A Shoreline Sound Portrait
for 2-channel audio (1988)
Coon Bay was created at the Music Gallery in Toronto during a residency in 1988. It is not so much a composition as a sound document of a sunny afternoon spent at a small, quiet beach at the North end of Galiano Island in British Columbia.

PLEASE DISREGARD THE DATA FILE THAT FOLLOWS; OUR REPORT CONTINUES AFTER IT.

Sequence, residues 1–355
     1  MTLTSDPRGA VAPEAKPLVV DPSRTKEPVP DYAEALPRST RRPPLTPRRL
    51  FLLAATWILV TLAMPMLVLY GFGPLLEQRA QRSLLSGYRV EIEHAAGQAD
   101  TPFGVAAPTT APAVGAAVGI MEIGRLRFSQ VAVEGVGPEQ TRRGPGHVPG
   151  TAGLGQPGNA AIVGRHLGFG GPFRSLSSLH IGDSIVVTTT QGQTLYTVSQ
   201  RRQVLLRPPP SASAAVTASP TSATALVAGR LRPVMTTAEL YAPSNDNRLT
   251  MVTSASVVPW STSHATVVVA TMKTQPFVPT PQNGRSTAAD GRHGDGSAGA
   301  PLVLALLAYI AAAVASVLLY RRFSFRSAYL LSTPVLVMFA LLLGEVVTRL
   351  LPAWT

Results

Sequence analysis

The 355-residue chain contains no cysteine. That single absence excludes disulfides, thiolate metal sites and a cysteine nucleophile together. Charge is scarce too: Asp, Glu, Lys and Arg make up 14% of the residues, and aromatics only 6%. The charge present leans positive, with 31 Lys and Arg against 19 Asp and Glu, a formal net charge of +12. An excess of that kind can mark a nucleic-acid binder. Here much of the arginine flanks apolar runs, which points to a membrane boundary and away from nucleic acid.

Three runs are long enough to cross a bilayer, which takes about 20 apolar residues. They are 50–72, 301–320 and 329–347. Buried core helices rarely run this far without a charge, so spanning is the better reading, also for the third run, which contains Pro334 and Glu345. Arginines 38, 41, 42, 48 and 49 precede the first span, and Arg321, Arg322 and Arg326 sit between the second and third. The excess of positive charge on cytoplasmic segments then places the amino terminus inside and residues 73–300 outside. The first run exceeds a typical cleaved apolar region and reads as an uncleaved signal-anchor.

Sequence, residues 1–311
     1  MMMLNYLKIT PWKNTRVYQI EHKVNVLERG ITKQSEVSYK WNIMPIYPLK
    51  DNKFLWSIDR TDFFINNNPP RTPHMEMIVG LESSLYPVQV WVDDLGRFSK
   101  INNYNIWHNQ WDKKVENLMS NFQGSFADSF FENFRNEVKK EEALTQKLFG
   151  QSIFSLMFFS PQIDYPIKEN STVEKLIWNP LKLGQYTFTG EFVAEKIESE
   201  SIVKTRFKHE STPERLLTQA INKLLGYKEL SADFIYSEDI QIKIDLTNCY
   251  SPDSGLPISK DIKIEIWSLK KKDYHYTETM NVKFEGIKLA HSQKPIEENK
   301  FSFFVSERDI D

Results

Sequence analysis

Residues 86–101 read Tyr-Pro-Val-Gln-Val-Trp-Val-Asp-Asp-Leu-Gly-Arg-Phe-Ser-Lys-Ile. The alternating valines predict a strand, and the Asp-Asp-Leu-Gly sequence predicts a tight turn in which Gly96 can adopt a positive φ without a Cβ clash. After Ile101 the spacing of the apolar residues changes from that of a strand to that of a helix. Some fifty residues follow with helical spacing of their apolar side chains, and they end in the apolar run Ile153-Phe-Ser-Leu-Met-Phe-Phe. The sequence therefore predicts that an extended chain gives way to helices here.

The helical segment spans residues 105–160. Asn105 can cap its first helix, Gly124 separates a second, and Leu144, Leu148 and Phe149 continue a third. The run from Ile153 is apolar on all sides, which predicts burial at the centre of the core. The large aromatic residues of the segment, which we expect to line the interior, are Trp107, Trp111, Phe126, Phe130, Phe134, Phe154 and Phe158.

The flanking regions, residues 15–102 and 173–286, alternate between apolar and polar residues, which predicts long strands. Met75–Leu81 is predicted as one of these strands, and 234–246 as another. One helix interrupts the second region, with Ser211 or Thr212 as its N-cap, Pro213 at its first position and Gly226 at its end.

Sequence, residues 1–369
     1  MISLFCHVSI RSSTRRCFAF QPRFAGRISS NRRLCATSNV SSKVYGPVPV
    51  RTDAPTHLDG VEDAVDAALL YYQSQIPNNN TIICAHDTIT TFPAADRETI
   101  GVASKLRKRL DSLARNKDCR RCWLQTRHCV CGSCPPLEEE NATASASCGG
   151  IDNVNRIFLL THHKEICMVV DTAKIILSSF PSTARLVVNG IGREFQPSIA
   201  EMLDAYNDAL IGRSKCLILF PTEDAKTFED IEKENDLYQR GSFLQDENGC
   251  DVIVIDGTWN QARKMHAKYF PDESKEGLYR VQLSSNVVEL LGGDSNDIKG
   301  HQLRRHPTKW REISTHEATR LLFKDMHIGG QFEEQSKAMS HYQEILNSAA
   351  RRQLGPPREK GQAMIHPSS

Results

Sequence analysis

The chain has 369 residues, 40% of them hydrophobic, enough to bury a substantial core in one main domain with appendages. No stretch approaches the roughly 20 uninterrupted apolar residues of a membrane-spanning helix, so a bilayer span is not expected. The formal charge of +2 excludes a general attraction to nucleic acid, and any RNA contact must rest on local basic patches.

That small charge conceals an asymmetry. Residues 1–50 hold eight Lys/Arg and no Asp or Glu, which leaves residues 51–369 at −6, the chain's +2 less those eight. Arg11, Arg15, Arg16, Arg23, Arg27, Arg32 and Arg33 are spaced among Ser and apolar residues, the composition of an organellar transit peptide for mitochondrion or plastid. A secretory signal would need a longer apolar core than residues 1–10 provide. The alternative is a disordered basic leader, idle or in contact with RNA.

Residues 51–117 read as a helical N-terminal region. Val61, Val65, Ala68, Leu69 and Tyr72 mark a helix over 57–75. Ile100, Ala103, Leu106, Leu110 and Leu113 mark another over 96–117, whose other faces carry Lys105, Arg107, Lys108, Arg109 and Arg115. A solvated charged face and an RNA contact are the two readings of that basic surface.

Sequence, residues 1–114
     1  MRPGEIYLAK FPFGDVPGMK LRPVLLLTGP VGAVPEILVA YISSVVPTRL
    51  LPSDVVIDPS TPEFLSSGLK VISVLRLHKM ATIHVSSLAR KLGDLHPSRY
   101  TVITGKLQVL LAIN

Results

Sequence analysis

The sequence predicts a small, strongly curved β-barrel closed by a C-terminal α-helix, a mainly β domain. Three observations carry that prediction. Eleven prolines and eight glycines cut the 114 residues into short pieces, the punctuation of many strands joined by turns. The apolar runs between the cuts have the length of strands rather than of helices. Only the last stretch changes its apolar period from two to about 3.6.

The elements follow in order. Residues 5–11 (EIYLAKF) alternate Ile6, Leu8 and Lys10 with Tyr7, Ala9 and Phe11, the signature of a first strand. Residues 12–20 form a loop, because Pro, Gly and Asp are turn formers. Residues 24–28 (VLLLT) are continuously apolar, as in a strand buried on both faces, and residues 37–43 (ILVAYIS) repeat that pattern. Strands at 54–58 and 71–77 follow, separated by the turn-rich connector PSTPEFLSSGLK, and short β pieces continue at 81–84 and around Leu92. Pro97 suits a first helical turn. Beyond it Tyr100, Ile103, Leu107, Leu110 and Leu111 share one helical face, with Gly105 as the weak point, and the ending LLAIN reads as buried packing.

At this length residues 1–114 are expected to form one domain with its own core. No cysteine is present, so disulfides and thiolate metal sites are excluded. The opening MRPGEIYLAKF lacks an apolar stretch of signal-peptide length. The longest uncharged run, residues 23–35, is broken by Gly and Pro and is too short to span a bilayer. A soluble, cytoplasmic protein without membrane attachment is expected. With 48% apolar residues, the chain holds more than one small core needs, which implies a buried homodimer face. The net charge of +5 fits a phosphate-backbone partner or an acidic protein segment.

Coon Bay is the name of a small deep cove, where the water laps differently onto each of its three shorelines. On this particular summer afternoon the ocean was calm, which resulted in relatively lazy water sounds. On the west side of the cove one hears a gentle swirling sound as the water moves up onto a smooth rock surface, which itself has been sculpted by the water over many years, into beautiful wavy, liquid-looking patterns. On the east side piled up boulders create unusual sounds: I had arrived here with my microphone at a moment when the level of the tide caused the water to slosh and plop into the spaces between and under the rocks, creating very specific and rich resonances. On the South side the waves create regular high swishing sounds as the small waves hit the many tiny pebbles on the gradual incline of the beach. As the waves recede over the pebbles, a long high rushing sound occurs, like an intense outbreath. At one point in the recording we hear a distant seaplane passing and towards the end, a small boat enters the cove, idles for a moment and then stops its motor. In some places throughout the piece, subtle sonic ‘imaginations’ weave in and out of the original field recording.